Eight reasons to retire

Proteas test captain Graeme Smith’s decision to retire from international cricket and thus end his remarkable 347-match international career has shocked many. Here are eight reasons that might have convinced him to call it quits.

1 – World Cup: The emotional scarring after the quarterfinal exit at the 2011 World Cup was among the worst of Smith’s career.

Although he did not return to South Africa with the rest of the team, preferring to visit Ireland to spend time with his now wife, Morgan Deane, he was neither in denial nor running away from what had happened and his responsibility for it.

He vowed immediately to make amends by continuing to play ODI cricket, make himself an integral part of the team and travel to the 2015 event in Australasia and banish the horrors of Dhaka by winning.

Quinton de Kock’s sensational form at the top of the order resulted in Smith’s omission from the starting XI and he could see that the future did not include him. He was appalled at the thought that he might only be selected on sentiment.

2 – Fairytale endings cannot be planned or relied upon. Even Jacques Kallis, who scored a century in his final test to help win the series against India, had to do so in front of a handful of supporters on a Monday morning at Kingsmead rather than Newlands, as it was ‘supposed’ to be.

But the wretched demise of Mark Boucher in a ‘nothing’ warm-up match in Taunton instead of a blaze of glory in his 150th test at Lord’s convinced Smith that there was nothing wrong with giving the world just 48 hours notice in a test match his team had no chance of winning.

3 – South Africa’s gentle test schedule for the rest of the year – two in Sri Lanka in July, one in Zimbabwe in August and three against the West Indies at the end of the year – provides the new man with an opportunity to play himself in gently before the greater challenges of facing the ‘big three’ nations. It also failed to fill him with excitement and the motivation which had been a critical factor in his captaincy for over a decade.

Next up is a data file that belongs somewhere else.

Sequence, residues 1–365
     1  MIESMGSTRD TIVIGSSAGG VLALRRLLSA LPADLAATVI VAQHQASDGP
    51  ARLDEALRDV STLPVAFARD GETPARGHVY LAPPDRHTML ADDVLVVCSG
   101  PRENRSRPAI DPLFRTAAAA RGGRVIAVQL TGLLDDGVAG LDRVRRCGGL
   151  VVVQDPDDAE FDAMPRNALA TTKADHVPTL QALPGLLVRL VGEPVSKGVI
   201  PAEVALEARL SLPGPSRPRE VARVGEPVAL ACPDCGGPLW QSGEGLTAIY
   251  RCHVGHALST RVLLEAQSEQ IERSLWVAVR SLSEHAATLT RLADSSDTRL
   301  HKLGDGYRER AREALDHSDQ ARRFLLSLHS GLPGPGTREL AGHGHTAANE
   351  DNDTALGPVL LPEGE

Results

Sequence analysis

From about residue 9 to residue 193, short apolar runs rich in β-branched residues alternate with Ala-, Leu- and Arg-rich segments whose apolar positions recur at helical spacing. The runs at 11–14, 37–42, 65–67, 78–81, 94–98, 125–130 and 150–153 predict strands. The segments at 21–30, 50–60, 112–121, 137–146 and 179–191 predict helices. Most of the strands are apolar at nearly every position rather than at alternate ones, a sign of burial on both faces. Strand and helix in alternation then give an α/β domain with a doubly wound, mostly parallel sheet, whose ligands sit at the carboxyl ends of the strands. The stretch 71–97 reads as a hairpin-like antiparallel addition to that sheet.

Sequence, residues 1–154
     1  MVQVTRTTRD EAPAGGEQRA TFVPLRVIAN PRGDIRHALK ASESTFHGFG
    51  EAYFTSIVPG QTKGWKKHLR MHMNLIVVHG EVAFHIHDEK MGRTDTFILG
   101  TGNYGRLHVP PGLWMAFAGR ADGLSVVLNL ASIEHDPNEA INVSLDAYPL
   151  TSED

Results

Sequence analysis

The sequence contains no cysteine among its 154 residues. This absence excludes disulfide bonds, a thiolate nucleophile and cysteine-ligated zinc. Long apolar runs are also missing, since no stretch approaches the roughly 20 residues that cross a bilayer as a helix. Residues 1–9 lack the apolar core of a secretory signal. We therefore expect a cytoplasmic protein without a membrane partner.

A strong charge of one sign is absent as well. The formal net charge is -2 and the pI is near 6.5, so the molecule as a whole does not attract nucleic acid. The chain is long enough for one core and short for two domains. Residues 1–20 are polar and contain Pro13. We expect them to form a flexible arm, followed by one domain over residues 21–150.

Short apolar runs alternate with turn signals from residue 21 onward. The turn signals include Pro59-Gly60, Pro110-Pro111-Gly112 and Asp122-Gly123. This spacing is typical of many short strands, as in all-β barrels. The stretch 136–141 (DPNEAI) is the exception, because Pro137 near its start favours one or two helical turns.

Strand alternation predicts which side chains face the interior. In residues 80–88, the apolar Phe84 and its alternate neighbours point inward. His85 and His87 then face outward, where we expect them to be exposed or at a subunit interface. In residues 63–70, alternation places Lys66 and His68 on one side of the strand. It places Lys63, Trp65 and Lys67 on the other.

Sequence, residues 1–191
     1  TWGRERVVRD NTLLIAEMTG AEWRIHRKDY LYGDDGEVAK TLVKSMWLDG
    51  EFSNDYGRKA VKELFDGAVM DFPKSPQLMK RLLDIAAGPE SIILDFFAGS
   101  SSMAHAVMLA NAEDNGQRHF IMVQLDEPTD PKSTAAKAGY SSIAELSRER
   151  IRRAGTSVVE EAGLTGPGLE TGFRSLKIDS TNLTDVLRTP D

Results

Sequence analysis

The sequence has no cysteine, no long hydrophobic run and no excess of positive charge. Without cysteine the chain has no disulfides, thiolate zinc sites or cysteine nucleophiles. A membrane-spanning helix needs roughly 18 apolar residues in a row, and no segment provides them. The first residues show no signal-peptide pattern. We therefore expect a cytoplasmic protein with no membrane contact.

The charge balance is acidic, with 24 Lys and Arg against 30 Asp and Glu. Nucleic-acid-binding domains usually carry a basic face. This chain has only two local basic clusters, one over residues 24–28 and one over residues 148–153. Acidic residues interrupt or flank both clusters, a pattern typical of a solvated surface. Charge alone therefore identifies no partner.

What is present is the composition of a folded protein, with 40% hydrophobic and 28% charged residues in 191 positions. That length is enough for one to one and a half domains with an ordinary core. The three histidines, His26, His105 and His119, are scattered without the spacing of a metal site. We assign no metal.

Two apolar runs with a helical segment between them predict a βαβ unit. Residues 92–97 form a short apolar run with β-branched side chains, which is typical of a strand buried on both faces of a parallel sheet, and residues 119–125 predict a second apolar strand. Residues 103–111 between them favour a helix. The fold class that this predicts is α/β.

4 – If Smith had not bid farewell at Newlands he may never have had another chance. He knew his days were done and, having missed the chance to announce his decision before the match, was persuaded to confirm it after three days of the test – as much to give the nation’s supporters a chance to say farewell to him as for him to say farewell to them. To have ‘disappeared’ without saying goodbye after 11 years in charge would have been a source of lifelong regret.

5 – Professional sportsmen often lack perspective and become detached from the real world. It can require a significant body blow, physical or emotional, for them to realise what is really important in their lives.

Three weeks before Smith’s decision to retire, two-year-old Cadence Smith tipped her one-year-old brother Carter’s heated milk bottle container onto herself resulting in burns severe enough to require three operations. Like all sportsmen, Smith asked himself whether the situation might have been different if he had been at home more often. If he had a ‘normal’ job.

6 – Smith signed one of the most lucrative contracts in English county cricket history last year with Surrey, the richest, most ambitious and most perennially under-achieving of the 18 counties. It was not signed purely for the money.

Smith always intended to transfer his national passion to his new job but was unable to do so last year because of his chronic ankle injury. Surrey were unimpressed when CSA announced that two tests would be played against Sri Lanka in July this year, at the height of the English summer. Smith could hardly disagree.

7 – The ankle injury which had plagued Smith for 12 months had been repeatedly misdiagnosed. When advanced scans in London revealed it to be a stress-fracture, his surgeon said: “There is no guarantee we can fix this. We cannot be sure you’ll even play again.”

Smith was stunned. “When you hear something like that it makes you reassess your priorities in life,” he said shortly after completing his rehab last year. When you’re just happy to be walking without pain, having contemplated the end of your career, perhaps the time is right to explore new avenues.

8 – “Graeme doesn’t have a classical technique,” said long-time friend Mark Boucher during Smith’s final test. “It means he has to work twice as hard as other players.

When Jacques (Kallis) went through a bad patch of form it didn’t matter because he would always come right with his technique. For Graeme it was different. He struggled for form in the first two tests, knew how much work was required to come right and thought ‘I can’t do it all again.’ That takes great honesty,” Boucher said.


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